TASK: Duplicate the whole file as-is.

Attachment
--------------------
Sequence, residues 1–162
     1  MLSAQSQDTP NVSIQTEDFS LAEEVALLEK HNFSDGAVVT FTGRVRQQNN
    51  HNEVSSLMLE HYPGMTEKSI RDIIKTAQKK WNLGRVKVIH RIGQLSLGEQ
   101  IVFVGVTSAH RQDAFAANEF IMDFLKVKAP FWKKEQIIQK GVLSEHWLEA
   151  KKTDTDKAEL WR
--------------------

Sequence, residues 1–162
     1  MLSAQSQDTP NVSIQTEDFS LAEEVALLEK HNFSDGAVVT FTGRVRQQNN
    51  HNEVSSLMLE HYPGMTEKSI RDIIKTAQKK WNLGRVKVIH RIGQLSLGEQ
   101  IVFVGVTSAH RQDAFAANEF IMDFLKVKAP FWKKEQIIQK GVLSEHWLEA
   151  KKTDTDKAEL WR